Part 11 of 13 of Anna’s Story at CanadianLymeStories.com
The day after I was unable to go to the store to get dinner, a thought came to me: ‘This is what it is to be low functioning.’ It gave me a new level of empathy for people struggling with these issues long term in their lives.
It was also a ray of recognition in the relentless gloom blanketing my mind; a revelation that did nothing to relieve my anxiety, but did help me to realize that this was part of a series of effects I had brought on by taking my medication. I could (almost!) see them as cognitive symptoms: most of which I had not even realized I was experiencing during the thick of being sick with Lyme.
Back then, when I was sick but didn’t know it, my mind just wasn’t what it used to be. I could tell that. But I could not get enough of a corner on it to figure out quite how, let alone why. Events (many of them) like having arranged and paid for a birthday party and then having another mother send invites out for the same day had had me close to tears.
When I called the other mom; a busy, capable lawyer with three children, her response had differed so strongly from mine; ‘That’s great!’ she said, ‘We’ll bus the kids from one party to the next, and the parents will love it!’ that I could tell that I wasn’t exactly operating at optimum levels. The idea that I was broken made me sad, but not proactive. Then again, it still seems far out to me to think my response was being dictated by an infection in my brain. At the time I came to the much more obvious conclusion that I was a complete loser.
The drops also brought on physical symptoms: something that maybe was or maybe wasn’t osteoarthritis in my finger, vision problems like floaters and blurred vision, pains in the bottom of my feet at one point, in just my heels at another. There was a heaviness in my chest I couldn’t name until I read it described as ‘air hunger.’ (So gross.) I had digestive discomfort. I had stiffness and sore joints.
I also felt sad. There was a lot of that; sad and agitated and exhausted and lonely and like I needed to get out and like I needed to go to sleep for 8 hours… all at the same time. More than once I changed into running clothes, sat on the edge of the bed, and woke up 3 hours later in a sticky, drooly sweat.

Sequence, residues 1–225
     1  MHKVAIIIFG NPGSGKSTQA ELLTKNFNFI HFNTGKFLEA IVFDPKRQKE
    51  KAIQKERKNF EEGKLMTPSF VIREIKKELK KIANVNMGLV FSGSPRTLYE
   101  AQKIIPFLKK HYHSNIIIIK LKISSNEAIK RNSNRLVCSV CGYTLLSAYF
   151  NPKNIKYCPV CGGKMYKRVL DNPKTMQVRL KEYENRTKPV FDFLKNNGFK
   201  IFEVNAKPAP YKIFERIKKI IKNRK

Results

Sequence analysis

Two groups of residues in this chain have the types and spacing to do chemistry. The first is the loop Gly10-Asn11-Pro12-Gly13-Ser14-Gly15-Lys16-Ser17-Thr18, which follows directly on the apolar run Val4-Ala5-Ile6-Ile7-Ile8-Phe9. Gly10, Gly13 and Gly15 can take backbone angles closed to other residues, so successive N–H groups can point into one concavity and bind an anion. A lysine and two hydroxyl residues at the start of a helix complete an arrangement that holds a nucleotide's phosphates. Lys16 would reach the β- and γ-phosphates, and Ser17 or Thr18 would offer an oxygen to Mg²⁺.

I keep coming back to this, but doing the cure really did help me work though an emotional aspect of the past few years. All the anxiety and non-functioning had played havoc with my self-esteem, which, like everyone else’s I’m sure, was based on my ability to function and get things done. Revisiting all these aspects of Lyme was upsetting and disgusting in many ways — but it did help me reframe the difficulty I had been having with my life as a byproduct of illness rather than just a weak personality or laziness.
I also think it is important to note here that ‘Lyme’ should, perhaps, be in quotations. It was very quickly apparent to me that the actual Lyme was only part of it.
The other infections; Bartonella, Babosia, Protozoa, were no less awful. BB1, that went after the actual Borrelia burgdorferi brought on some symptoms, which, when they started clearing, morphed into others. Co-infections and, perhaps, other opportunistic organisms taking advantage of a compromised system all need to be factored in: this was clearly, by this late date, an overall health problem.
Can you address ‘Lyme Disease’ without looking at Candida? Do you not need a liver flush or mitochondrial support? Each individual’s system has its own weaknesses and innate constitution. Each one, it seems to me, will to some extent, need different supports. This is very difficult, personalized doctoring. And it is absolutely not a situation that you can check out of as a patient, no matter how much your brain has checked out.
Perhaps this is why it is so hard, and so often dispiriting. You need to keep watch on what is working and what isn’t; and yet you need to give each thing time to work and not panic when you start to feel worse (potentially quite a bit worse) for quite a long time. And you need to do all this with (at best) half a brain. This is why it seems to me that everyone needs, desperately, to surround themselves with people and institutions that will help.
On to Part 12: Bravery
Keywords: Treatment, physical symptoms, anxiety, co-infections, cognitive symptoms, difficulty of treatment